Inflation is being exacerbated by surge pricing, forcing consumers to pay more for goods or services that are already overpriced.The issue was recently covered by the Financial Times, which interviewed bar-goers at a local pub where the owner recently introduced “dynamic pricing” making beer more expensive on evenings and weekends.
From the Financial Times:
For drinkers at the Coach House in central London on a busy work night this week, there was an uncomfortable piece of news to digest: the price of Britain’s favourite alcoholic beverage had just gone up — again.
Stonegate, Britain’s biggest pub company which runs the Coach House, has announced it will charge pubgoers 20p extra for a pint of beer on busy evenings and weekends. It is part of what it called a new “dynamic pricing” policy in some of its venues.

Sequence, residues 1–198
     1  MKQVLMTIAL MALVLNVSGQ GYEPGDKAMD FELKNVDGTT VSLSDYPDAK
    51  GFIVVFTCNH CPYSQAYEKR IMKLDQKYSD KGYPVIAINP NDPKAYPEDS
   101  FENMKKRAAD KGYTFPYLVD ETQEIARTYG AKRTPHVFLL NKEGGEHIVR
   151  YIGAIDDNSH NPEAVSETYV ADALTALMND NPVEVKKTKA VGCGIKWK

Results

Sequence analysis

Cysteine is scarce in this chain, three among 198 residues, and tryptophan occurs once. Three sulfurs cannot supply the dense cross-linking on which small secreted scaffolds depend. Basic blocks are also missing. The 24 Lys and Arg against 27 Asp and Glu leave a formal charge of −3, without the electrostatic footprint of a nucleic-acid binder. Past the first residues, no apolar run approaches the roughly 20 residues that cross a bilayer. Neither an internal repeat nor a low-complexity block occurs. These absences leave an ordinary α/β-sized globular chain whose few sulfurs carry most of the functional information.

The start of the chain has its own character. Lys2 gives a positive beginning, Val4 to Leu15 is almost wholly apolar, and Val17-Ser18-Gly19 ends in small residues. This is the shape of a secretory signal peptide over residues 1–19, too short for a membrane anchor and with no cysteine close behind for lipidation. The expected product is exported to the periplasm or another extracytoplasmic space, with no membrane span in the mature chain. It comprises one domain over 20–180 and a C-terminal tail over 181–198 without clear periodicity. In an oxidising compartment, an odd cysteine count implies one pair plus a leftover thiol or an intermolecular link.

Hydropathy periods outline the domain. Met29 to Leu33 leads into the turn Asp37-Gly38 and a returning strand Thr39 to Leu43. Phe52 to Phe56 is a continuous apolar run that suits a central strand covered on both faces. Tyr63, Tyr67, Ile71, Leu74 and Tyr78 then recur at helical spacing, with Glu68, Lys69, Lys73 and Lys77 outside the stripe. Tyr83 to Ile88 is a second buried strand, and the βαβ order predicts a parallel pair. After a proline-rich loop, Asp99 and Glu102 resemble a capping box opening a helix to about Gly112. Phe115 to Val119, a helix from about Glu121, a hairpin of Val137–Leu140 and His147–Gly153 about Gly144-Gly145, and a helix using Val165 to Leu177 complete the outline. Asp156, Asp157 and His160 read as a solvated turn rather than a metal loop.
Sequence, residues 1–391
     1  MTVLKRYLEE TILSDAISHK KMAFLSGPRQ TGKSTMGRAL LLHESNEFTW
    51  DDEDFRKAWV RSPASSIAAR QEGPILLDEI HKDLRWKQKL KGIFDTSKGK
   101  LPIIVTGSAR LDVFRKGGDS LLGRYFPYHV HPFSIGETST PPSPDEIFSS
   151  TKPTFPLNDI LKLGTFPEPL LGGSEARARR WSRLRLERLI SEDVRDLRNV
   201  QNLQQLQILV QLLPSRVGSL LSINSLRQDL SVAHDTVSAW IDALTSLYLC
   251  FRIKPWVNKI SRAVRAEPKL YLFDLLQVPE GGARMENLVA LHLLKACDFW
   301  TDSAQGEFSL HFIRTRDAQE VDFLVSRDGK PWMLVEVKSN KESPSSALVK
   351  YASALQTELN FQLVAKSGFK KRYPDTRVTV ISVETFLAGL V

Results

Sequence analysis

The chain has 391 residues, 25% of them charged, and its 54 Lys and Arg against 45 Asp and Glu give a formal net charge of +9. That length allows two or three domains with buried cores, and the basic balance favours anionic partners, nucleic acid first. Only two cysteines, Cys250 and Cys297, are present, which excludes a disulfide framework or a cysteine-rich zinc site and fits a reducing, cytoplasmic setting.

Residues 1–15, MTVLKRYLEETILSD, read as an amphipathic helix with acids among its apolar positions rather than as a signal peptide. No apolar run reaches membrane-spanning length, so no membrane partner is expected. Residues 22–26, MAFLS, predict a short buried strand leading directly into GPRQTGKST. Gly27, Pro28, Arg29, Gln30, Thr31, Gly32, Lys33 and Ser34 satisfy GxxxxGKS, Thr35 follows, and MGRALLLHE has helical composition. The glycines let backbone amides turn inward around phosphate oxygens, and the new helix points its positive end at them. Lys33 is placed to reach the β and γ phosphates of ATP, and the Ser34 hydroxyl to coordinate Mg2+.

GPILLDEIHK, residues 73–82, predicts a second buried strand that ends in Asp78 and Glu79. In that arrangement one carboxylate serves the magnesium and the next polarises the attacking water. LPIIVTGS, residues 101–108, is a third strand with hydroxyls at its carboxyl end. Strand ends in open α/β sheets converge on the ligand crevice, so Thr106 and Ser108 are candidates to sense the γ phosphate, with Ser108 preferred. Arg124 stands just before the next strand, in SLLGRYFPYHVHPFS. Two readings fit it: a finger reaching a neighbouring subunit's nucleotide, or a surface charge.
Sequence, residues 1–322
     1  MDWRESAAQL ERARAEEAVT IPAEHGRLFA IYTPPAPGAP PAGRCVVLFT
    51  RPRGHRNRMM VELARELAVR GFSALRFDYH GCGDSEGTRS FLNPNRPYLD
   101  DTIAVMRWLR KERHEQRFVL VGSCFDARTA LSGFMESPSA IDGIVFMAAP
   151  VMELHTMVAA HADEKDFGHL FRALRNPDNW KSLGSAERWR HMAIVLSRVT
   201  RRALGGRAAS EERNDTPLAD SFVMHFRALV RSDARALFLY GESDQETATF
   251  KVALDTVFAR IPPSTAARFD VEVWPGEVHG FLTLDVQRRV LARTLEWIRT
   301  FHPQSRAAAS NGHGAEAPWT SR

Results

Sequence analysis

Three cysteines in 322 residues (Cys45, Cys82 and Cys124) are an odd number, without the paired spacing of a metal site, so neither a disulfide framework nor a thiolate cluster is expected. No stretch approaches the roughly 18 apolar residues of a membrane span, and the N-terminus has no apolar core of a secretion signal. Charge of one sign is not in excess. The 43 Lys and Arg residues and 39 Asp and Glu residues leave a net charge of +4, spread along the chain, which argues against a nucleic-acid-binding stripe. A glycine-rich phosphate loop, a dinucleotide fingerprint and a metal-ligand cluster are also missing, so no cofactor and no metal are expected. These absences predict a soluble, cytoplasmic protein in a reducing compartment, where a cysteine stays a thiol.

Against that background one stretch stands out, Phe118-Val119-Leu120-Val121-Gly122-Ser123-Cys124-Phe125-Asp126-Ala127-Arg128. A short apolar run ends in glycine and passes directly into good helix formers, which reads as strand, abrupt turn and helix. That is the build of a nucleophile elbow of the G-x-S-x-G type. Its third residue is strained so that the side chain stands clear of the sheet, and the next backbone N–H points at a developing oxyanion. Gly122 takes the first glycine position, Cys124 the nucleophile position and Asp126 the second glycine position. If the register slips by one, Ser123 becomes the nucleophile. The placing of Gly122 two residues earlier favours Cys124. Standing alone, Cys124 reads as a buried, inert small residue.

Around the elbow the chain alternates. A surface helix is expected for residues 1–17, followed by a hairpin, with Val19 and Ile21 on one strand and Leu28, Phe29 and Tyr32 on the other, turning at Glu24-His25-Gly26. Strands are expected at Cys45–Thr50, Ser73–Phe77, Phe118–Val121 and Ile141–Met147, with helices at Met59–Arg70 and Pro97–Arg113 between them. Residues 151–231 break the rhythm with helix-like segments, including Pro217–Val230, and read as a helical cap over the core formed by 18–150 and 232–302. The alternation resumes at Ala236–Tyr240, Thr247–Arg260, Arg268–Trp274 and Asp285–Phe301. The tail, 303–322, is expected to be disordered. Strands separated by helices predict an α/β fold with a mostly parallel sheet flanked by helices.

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This has come much to the annoyance of some of its regulars. “It’s not right; we’re being done over enough on beer as it is,” says Adrian, a 37-year-old brand marketing manager, who has nipped into the pub near Piccadilly Circus after work. Sipping a £6.25 pint of Heineken, he admits that after the fuzziness of a few more drinks he might not even notice the price increase as the pub fills up.
“It just fleeces people trying to enjoy themselves,” he adds.
Dynamic pricing works by allowing an AI algorithm to adjust prices for goods or services based on numerous factors, for example making concert ticket prices higher or lower depending on demand, or timing.